Tenant Improvements (TI): These are the alterations a tenant makes to a rental space as a part of their lease agreement. This includes new HVAC systems, mechanical closets, or additional construction to the space.

Building Out Your Lab

Designing your own lab space is time and cost intensive. There are a few steps and key considerations involved when starting a build out:
1. What type of lab space are you starting with?
a. You usually want a turnkey space since it already has most of the necessary infrastructure.
b. Going from a warm shell to a full lab space is difficult. Warm shells usually have partial HVAC installed and may require electrical closets and mechanical rooms.
c. It takes 9 months to 2 years to build a full lab from a warm shell. This process is faster with a turnkey space.
2. Who are you working with to design the space?
a. You need to get a project manager early to tour spaces with you.
b. Your PM should be aware of your lab needs and work with you to develop a floor plan.
3. What should you consider when designing the space?
a. How many people will you have 5 years down the line? What type of space will they need? How much meeting space versus bench space will you need?
b. How much equipment will you house? What systems will you need to use that equipment (HVAC, etc.)? How much power does the equipment need?
Note: Even with a lab space, it is still advised to use a CRO for your vivarium. Running your own vivarium involves lots of regulations and staffing which creates more hurdles for your research progress.
4. How long are the timelines for your buildout?
a. The proposal stage lasts days to weeks.
b. Letter of intent stage takes 3 to 4 weeks.
c. Lease negotiation takes 6 to 8 weeks.
d. Once a lease is negotiated and you are handed the keys, you can begin the process of construction and moving in equipment.


Once you have lab space, you can start to figure out what equipment your organization needs and the types of vendors which provide these services. I’ve found that vendors are the main point of contact for many scientific resources.

Vendors Are Commonly Used For:

Which Vendors Will You Need?

Your research instrumentation, reagents, and software services will come from vendors. There are a few effective approaches to figure out what your equipment needs are before talking to a supplier. Though these are listed, your scientists might have other ways to determine the equipment they need.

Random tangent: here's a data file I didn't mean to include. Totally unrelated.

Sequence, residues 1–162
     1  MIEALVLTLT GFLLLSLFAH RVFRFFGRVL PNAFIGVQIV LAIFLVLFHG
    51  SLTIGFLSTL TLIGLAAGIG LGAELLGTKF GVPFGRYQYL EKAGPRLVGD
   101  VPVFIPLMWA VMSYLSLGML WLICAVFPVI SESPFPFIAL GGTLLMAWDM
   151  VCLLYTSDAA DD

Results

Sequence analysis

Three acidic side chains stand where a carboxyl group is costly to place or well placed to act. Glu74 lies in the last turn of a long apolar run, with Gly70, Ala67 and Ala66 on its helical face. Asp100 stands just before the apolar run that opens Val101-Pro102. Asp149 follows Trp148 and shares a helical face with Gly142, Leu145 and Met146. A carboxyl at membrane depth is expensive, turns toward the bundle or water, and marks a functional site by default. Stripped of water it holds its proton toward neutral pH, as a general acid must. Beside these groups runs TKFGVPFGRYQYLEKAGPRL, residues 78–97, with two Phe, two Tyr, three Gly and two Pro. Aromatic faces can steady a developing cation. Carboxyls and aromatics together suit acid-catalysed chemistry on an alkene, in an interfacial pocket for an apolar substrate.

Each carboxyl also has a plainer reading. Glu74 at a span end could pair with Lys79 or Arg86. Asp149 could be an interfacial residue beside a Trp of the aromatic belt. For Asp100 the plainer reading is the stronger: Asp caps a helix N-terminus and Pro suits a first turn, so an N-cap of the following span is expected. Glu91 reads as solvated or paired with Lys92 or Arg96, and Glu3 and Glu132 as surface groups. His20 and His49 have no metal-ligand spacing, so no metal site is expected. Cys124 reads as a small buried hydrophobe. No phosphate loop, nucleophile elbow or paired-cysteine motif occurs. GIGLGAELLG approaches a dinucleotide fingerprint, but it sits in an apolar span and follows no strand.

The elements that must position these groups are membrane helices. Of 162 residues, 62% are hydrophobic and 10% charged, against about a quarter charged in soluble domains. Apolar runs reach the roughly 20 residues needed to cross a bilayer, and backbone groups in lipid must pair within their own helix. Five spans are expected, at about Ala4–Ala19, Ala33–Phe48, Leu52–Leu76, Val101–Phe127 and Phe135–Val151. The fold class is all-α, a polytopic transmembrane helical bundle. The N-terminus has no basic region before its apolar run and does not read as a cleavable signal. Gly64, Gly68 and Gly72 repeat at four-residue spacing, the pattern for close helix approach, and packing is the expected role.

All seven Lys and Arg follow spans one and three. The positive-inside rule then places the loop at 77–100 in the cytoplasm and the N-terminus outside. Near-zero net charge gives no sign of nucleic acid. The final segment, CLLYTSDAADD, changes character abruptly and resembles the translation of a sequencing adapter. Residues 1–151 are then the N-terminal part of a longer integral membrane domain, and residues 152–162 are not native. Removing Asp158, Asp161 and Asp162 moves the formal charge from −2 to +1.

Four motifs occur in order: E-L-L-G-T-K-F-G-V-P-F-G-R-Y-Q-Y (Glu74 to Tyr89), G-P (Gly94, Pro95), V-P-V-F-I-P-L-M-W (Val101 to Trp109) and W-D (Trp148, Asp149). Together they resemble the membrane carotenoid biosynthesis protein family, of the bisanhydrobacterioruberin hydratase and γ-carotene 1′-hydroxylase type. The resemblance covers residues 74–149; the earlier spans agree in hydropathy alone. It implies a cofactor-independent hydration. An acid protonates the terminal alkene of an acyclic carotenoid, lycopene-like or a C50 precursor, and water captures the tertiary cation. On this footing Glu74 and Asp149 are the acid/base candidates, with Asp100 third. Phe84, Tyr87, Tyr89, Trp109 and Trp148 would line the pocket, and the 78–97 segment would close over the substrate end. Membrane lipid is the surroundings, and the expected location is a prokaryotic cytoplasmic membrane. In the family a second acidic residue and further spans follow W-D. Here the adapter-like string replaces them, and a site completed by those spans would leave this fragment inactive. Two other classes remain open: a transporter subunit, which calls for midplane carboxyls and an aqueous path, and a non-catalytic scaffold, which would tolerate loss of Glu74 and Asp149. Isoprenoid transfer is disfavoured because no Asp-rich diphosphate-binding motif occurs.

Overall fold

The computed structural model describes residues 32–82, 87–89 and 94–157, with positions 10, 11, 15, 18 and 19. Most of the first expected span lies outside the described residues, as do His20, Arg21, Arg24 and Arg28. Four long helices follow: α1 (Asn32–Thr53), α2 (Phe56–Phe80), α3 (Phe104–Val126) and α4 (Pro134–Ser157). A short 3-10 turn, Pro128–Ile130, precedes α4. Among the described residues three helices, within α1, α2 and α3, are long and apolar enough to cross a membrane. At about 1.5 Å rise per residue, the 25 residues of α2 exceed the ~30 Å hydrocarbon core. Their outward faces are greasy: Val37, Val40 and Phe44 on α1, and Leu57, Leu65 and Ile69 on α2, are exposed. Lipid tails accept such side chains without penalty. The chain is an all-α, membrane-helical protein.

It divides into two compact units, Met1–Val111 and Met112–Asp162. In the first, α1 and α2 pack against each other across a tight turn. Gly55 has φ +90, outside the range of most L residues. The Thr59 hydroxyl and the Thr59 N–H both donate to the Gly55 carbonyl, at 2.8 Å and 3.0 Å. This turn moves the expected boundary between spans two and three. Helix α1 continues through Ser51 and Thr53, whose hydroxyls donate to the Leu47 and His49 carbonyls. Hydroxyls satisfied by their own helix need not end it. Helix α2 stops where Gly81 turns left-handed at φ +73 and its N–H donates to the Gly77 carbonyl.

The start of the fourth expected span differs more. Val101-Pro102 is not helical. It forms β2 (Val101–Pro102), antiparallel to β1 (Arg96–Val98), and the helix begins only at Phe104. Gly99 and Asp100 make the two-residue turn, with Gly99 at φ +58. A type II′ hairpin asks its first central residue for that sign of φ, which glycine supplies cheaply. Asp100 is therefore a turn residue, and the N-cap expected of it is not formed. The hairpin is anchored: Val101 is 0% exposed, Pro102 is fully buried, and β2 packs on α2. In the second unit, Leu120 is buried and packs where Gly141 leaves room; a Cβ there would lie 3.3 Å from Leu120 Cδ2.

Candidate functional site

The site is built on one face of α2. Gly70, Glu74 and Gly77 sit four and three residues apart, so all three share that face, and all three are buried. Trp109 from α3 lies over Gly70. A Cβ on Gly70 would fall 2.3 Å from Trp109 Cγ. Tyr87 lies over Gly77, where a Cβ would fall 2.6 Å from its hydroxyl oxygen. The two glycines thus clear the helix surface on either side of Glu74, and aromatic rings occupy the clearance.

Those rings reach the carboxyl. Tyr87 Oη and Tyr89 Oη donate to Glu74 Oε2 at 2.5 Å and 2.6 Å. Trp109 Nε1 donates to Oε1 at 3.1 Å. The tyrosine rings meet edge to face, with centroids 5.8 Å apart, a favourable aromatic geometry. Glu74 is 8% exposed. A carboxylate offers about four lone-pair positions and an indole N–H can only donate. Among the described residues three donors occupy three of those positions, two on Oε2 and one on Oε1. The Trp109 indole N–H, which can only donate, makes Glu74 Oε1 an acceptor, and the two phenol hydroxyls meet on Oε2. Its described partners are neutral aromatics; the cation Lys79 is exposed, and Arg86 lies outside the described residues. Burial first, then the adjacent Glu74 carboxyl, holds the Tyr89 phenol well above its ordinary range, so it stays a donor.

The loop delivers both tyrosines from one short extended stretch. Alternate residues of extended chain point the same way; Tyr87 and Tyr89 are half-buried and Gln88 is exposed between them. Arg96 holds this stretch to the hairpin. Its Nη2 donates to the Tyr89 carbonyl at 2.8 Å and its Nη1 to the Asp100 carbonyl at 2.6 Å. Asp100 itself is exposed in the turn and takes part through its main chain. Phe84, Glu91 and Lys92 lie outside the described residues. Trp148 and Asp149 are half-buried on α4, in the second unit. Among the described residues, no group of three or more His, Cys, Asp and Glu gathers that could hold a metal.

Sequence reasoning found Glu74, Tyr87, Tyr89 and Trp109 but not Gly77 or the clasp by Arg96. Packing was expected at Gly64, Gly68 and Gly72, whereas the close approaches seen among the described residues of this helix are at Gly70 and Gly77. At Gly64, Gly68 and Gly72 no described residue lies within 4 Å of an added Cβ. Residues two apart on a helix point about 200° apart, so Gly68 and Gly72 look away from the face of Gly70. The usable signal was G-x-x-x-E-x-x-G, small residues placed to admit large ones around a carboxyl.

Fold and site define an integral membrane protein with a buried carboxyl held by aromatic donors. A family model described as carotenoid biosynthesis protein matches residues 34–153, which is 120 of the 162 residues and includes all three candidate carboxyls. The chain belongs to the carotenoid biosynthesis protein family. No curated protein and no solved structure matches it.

Note: Be aware of the extensive lead times, think about your lab needs down the line. It is advisable to buy equipment that your lab will need in 5 years.
1. What does your current lab already have?
a. Determine the equipment you will need for your research by scoping out each room in your lab.
b. Look at what your current lab has in place. Turnkey lab spaces will already have a lot of the equipment you require for different protocols. Order anything that's missing.
2. What protocols will you be running?
a. Read scientific protocol papers. Find the equipment your lab will need to run a similar protocol.
b. Hire an operations lead who can read protocols and coordinate equipment purchasing.
Note: It's advisable to have 3-4 technical options to complete one process/protocol.
3. What protocols are you running in-house?
a. Buy equipment for protocols you can easily run in-house.
b. Outsource protocols which require equipment you cannot access.

Setting up an Inventory System

Inventory and purchasing is crucial for running a lab. Scientific organizations consistently need different types of equipment to perform their research. I’ve learned that streamlining the inventory process makes it easier to stay on top of reaching research milestones. Here are some things to think about when setting up an inventory system:
1. Where are you getting your equipment from?
a. Resources often made for academics are also accessible to nonprofits. Some catalogs (ex. The Jackson Laboratory) are license limited for nonprofits.
2. What documentation does your vendor need?
a. Vendors require different types of documentation before providing equipment to organizations. Documentation ranges from banking information, verifying nonprofit status and government documents.
3. How can you effectively manage inventory?
a. Have a centralized place for your orders (ex. Quartzy) which has context for each purchase.
b. Each team member should be able to access orders and purchase equipment. This allows everyone to see what is incoming and what is still required to complete a protocol.
With lab space and equipment underway, you can begin working on scientific research. From here on out, it’s usually all dependent on the goals and specific research areas of the organization.
Special thank you to Milan Cvitkovic, the Convergent Research team, Kathleen Leeper, and Brooke Brock for insight into building scientific organizations.